The Cat is the second novella in this edition, about the love triangle between a man, his fiancée, and his cat. If that’s not a recipe for comedy, I don’t know what is. Also, as a cat person, I love reading books that have cats in it – The Guest Cat, The Travelling Cat Chronicles, most of Murakami’s works – so I was delighted to pick this up just because word “cat” is in the title. I’ve just begun it, but so far, Saha (the titular cat) is already my favorite character. Also, compared to Gigi, Colette’s skill with language is on full display in The Cat. Her prose flows so well and is such a pleasure to read (even translated). This looks like it’s shaping up to be a great read so far.


What did you finish reading recently?

Appetites

Appetites: Why Women Want by Caroline Knapp (Published by Counterpoint LLC in 2004; first published 2003)

This was a very emotional read for me. This book is the author’s way of grappling with the question of how women’s bodies, desires, and selves are shaped by the demands of culture, power, and patriarchy. Using her own history with anorexia, woven together with other women’s stories of struggling with similar compulsions of eating, shopping, and cutting, Knapp illuminates the complicated relationship between the freedom women were promised by feminism and the ways that we are still imprisoned by society and by our own bodies.

This gave me a lot to think about, both in my personal life and about what’s still happening in our world today, so I might reread sections of it for my review. I had to step away from the book for awhile after reading it just to quietly absorb everything and to settle my emotions, since I felt very angry at the fact that women continue to feel small and worthless and undeserving, and I felt angry at myself, in extension, for my constant self-doubt and for confining my own ambitions because of my fear. At the same time, the book ended on a hopeful note, with sketches of how women can eventually come to embrace all their appetites. I would definitely recommend this book to anyone.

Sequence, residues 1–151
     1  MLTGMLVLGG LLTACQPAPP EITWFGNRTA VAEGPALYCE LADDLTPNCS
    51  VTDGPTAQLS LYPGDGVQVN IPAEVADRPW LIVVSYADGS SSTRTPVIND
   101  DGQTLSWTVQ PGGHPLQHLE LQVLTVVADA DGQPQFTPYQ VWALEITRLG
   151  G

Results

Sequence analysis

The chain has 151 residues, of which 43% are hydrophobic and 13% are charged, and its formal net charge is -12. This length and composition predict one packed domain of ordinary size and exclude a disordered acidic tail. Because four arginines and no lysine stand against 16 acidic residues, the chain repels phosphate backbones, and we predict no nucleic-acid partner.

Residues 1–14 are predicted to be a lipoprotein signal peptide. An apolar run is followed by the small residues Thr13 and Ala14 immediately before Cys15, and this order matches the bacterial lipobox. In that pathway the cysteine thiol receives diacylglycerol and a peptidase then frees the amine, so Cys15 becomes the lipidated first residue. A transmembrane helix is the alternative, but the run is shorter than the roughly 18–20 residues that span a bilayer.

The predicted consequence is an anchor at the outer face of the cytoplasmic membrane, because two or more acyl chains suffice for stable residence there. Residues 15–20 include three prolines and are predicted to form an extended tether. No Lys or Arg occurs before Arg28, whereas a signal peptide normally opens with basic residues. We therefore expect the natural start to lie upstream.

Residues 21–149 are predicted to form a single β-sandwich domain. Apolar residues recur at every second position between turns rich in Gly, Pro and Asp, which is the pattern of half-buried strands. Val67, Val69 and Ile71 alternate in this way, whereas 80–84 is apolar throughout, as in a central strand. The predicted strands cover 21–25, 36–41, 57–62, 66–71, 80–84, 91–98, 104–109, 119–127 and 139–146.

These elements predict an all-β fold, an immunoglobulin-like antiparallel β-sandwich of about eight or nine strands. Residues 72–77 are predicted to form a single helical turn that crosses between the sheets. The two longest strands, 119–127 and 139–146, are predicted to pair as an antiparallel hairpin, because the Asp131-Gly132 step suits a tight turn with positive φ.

What do you think you’ll read next?

Disappearing Earth

Disappearing Earth by Julia Phillips (Published by Knopf in 2019)

Blurb from Goodreads: One August afternoon, on the shoreline of the north-eastern edge of Russia, two sisters are abducted. In the ensuing weeks, then months, the police investigation turns up nothing. Echoes of the disappearance reverberate across a tightly woven community, with the fear and loss felt most deeply among its women.